However, the better interpretation would appear to be that it is still possible for a client employer to outsource these tasks to a labor contractor, but that the client employer will remain liable if they are not performed properly. And it appears that the law allows delegation of duties and liabilities to a third party other than the labor contractor who supplies the workers in question.
In any event, it seems a virtual certainty that the new law will result in more citations being issued to client employers.
Client employers will now be subject to all civil liability and legal responsibility if the labor contractor violates wage-and-hour laws, Cal/OSHA violations or fails to provide workers compensation coverage, even if no evidence is presented that the client entity controlled the working conditions or wages, or had knowledge that any violations were actually occurring. Prior to the passage of the law, the burden was on the employee to prove that a client employer was a joint employer. And, a violation of AB1897 may also result in a representative action under the Labor Code Private Attorney General Act (PAGA). Labor Code Section 2699 et seq.
It is thus prudent to assume that this law will both discourage the use of labor contractors and give rise to litigation between employers and labor contractors in the event an employee files a claim against one or the other or both.
The impact on workers compensation premiums remains to be seen. However, it is prudent to assume that workers compensation providers will now seek additional information from employers with regard to any workers provided by labor contractors and that they will factor that new information in setting premiums. It is also possible that employers may see more restrictive language with regard to coverage under workers compensation policies.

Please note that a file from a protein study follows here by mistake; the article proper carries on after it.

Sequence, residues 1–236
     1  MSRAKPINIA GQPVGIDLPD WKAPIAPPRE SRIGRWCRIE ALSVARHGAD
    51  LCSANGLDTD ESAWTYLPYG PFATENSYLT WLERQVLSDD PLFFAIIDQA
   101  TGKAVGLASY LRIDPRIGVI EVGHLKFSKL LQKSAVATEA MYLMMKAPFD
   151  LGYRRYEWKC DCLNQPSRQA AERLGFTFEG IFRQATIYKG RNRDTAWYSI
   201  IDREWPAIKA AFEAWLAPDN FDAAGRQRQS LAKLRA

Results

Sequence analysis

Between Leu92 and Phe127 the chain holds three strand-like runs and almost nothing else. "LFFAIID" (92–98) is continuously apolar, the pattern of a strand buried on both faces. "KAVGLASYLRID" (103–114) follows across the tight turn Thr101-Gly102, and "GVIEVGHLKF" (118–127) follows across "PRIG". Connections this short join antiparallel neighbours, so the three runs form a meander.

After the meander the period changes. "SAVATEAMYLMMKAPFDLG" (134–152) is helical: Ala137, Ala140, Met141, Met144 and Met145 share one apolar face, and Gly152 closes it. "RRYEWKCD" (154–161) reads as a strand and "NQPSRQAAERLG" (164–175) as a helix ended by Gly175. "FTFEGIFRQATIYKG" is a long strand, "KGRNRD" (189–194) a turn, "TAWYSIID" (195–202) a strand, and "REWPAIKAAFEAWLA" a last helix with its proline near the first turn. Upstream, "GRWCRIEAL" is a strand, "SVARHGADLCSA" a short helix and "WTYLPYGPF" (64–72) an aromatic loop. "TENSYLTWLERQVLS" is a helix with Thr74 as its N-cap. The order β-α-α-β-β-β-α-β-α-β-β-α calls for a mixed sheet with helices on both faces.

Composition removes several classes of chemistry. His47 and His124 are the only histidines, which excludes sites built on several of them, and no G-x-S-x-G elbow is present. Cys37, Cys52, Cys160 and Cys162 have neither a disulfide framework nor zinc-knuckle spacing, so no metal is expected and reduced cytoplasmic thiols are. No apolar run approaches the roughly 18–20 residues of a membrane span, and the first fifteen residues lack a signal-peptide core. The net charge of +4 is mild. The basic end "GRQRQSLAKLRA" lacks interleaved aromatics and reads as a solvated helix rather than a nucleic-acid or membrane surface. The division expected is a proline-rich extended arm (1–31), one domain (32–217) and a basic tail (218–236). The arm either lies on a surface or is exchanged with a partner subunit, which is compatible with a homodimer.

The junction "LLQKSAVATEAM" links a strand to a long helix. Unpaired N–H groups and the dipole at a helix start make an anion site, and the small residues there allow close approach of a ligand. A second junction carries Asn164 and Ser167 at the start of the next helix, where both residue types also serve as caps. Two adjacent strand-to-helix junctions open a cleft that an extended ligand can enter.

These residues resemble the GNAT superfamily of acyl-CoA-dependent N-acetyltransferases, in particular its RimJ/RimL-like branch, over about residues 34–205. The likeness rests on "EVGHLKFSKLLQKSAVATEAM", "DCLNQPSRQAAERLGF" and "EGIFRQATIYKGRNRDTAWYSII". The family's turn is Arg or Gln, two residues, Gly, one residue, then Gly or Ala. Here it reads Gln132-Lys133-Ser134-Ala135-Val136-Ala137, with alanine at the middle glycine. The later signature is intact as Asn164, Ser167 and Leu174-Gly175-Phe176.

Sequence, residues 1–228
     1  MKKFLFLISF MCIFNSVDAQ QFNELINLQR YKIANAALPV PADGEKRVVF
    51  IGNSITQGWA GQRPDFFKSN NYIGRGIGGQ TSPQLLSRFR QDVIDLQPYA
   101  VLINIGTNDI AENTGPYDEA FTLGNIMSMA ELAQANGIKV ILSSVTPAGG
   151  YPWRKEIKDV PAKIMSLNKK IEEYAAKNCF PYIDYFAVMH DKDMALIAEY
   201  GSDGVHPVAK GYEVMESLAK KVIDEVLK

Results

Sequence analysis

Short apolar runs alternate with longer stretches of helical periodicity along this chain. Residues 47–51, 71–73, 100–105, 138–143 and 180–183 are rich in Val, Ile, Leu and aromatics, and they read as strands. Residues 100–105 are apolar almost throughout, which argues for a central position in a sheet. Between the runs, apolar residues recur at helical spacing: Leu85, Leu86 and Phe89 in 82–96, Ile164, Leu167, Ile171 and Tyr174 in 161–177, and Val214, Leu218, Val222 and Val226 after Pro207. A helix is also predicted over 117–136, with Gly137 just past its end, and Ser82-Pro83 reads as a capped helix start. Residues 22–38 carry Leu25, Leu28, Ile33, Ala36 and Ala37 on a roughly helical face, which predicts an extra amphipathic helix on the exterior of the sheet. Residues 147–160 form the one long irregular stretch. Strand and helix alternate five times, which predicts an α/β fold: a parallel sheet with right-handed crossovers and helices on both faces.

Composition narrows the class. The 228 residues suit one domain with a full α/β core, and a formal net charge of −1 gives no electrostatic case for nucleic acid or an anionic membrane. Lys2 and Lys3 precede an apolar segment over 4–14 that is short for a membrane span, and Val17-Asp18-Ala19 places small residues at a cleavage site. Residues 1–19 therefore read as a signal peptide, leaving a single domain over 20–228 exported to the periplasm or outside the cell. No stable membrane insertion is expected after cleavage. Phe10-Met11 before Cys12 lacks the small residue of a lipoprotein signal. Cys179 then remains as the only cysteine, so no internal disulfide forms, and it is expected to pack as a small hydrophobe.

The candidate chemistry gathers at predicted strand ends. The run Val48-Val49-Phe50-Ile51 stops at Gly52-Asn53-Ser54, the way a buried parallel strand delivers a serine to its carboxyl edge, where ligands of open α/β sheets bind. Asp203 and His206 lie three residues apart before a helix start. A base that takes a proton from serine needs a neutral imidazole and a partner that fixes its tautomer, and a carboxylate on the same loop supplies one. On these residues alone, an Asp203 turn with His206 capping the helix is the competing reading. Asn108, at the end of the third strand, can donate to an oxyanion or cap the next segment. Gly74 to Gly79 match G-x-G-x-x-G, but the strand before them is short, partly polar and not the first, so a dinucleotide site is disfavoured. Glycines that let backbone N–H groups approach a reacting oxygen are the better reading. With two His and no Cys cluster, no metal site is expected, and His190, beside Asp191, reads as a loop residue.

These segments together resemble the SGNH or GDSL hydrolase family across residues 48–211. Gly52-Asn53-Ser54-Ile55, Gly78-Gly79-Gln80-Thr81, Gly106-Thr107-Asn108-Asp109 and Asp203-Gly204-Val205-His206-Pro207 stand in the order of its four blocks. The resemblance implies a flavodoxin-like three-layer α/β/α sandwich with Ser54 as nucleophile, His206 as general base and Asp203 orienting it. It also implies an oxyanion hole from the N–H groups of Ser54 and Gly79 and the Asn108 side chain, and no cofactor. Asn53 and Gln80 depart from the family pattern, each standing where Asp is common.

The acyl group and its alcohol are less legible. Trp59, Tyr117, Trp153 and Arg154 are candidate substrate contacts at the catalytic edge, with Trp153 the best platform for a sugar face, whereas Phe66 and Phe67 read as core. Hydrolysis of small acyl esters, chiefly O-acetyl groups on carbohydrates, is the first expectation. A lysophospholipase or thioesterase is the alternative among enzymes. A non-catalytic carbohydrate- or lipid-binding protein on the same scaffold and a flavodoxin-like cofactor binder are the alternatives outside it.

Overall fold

Client employers and labor contractors now need to review all of their contractual relationships and contract language in California.
As a first step, it will be important to determine whether or not the work in question is covered or whether it fits within one of the exceptions. If the work is covered, it would be prudent to cover in contract language the following:
Client employers may also want to consider whether it is possible for the workers in question to be provided by an exempt labor contractor. Client employers may also want to review whether work currently done by third-party provided temporary workers should now be brought entirely in-house or whether the work should be outsourced to independent contractors.
Labor contractors who have not yet done so may now be more likely to establish independent contractor and/or workforce management divisions. Labor contractors will also need to take steps to reassure client employers of their compliance with wage and hour laws, workers compensation and Cal/OSHA requirements. For covered work, it will be important for employers to review their safety and health programs to ensure that newly covered workers are fully covered by those programs.
Finally, both client employers and labor contractors will need to ensure that they are keeping records demonstrating compliance with all applicable state laws.